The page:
Eighteen-foot-high offshore breakwaters were built as part of the company's anti-tsunami strategy, said Jun Oshima, a spokesman for Tokyo Electric. But regulators said the breakwaters -- mainly intended to shelter boats -- offered some resistance against typhoons, but not tsunamis, Mr. Kobayashi said.
Over the decades, preparedness against tsunamis never became a priority for Japan's power companies or nuclear regulators. They were perhaps lulled, experts said, by the fact that no tsunami had struck a nuclear plant until two weeks ago. Even though tsunami simulations offered new ways to assess the risks of tsunamis, plant operators made few changes at their aging facilities, and nuclear regulators did not press them.
Engineers took a similar approach with earthquakes. When it came to designing the Fukushima plant, official records dating from 1600 showed that the strongest earthquakes off the coast of present-day Fukushima Prefecture had registered between magnitude 7.0 and 8.0, Mr. Kobayashi said.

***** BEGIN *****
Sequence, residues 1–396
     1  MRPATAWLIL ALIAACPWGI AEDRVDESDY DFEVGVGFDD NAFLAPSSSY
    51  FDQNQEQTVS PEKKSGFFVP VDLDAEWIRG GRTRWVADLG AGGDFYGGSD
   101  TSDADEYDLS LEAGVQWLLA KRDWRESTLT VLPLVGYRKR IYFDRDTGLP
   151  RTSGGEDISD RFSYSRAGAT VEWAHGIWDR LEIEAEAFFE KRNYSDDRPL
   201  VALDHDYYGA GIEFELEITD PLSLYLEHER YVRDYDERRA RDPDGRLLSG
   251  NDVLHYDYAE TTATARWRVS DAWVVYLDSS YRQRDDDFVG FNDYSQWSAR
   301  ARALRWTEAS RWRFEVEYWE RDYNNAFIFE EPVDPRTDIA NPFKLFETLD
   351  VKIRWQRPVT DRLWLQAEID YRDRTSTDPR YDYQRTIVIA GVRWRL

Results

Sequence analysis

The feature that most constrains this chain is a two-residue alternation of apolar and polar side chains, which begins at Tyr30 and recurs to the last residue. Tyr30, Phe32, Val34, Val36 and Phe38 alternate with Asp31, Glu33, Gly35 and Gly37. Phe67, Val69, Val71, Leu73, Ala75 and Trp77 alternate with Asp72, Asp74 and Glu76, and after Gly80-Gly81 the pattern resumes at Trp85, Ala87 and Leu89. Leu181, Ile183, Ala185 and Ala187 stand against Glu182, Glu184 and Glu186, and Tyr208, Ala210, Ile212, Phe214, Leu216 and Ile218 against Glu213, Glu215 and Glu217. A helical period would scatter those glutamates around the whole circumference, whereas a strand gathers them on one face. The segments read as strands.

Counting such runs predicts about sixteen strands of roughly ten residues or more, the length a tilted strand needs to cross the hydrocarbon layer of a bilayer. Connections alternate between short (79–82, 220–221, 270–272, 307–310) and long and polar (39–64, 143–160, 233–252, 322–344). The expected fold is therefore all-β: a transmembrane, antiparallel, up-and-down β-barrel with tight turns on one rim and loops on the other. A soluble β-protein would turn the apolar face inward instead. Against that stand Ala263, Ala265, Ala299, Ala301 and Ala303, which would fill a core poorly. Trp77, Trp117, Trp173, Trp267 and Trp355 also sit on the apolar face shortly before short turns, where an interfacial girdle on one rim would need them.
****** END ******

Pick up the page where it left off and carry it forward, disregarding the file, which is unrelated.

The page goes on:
"We left it to the experts," said Masatoshi Toyoda, a retired Tokyo Electric vice president who oversaw the construction of the plant. He added, "they researched old documents for information on how many tombstones had toppled over and such."
Eventually, experts on government committees started pushing for tougher building codes, and by 1981, guidelines included references to earthquakes but not to tsunamis, according to the Nuclear and Industrial Safety Agency. That pressure grew exponentially after the devastating Kobe earthquake in 1995, said Kenji Sumita, who was deputy chairman of the government's Nuclear Safety Commission of Japan in the late 1990s.